JOURNAL ARTICLE

Partial Adenoidectomy in Patients With Palatal Abnormalities

Ingrid Salna, Joshua Jervis-Bardy, David Wabnitz, Guy Rees, Alkis Psaltis, Adam Johnson
Journal of Craniofacial Surgery 2019, 30 (5): e454-e460
31299813

BACKGROUND: Velopharyngeal insufficiency is a feared complication of adenoidectomies in patients with palatal abnormalities. Thus, the benefits of adenoidectomy in this population are less understood. The techniques of partial adenoidectomy aim to preserve velopharyngeal closure while sufficiently debulking the nasal airway to ameliorate obstruction and snoring.

METHODOLOGY: Systematic review of online databases using a combination of search terms including "cleft palate," "submucosal cleft palate," "short palate," "adenoidectomy," "partial adenoidectomy," "subtotal adenoidectomy," and "powered adenoidectomy." Two independent reviewers assessed the eligibility of each study based on predefined inclusion criteria.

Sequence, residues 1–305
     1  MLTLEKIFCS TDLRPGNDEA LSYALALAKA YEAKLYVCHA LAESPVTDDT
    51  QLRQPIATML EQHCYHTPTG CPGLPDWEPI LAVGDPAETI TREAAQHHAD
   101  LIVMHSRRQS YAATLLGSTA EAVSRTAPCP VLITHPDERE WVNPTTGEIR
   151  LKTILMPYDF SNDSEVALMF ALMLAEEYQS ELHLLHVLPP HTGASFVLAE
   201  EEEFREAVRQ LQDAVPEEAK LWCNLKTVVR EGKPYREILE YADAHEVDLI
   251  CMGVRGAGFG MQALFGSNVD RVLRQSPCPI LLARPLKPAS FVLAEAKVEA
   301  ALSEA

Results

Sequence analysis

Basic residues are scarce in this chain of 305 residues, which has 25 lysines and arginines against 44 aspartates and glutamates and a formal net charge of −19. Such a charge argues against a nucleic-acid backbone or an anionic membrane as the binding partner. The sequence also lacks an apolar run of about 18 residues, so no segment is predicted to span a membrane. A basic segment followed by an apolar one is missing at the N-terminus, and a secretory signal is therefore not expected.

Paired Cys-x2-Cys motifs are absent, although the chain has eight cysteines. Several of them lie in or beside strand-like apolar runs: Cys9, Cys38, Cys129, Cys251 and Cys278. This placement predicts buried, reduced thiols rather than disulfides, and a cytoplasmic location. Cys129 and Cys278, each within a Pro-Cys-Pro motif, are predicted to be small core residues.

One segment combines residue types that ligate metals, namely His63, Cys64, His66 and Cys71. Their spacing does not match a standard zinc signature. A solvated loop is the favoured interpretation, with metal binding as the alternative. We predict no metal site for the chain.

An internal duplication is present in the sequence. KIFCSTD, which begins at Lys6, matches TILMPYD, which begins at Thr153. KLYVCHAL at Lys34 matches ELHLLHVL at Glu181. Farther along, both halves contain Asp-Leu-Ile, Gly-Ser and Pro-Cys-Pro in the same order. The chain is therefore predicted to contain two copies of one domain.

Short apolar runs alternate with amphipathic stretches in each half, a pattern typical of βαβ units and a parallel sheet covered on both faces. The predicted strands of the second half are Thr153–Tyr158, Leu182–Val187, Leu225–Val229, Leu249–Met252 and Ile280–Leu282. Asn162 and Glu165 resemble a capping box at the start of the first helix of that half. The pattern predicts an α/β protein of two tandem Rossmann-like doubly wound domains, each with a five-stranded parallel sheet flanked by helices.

RESULTS: From 323 studies identified, 8 were included. All were retrospective case series, except 1 prospective study. Study period ranged from 1.1 to 14 years (median 7.5 years). There were 172 patients with a cleft palate (n = 80), submucous cleft palate (n = 67) or another defined palatal abnormality [short soft palate (n = 14), bifid uvula (n = 4), questionable palatal mobility (n = 4) or incomplete CP (n = 3)] identified. Mean age was 5.5 years and just over half were male (58%). Nearly all patients showed improvement in nasal airway obstruction and snoring. The pooled risk for velopharyngeal insufficiency across all studies was 2 out of 122, which approximates to 1.6% of patients. There were very few complications.

CONCLUSION: This is the first systematic review of partial adenoidectomy in patients with palatal abnormalities. Sub-total adenoidectomy in patients with submucosal cleft palate or repaired cleft palate appears to be a safe and efficacious procedure. There is; however, a need for prospective data collection using a standardized technique in large patient series required to properly assess outcomes.

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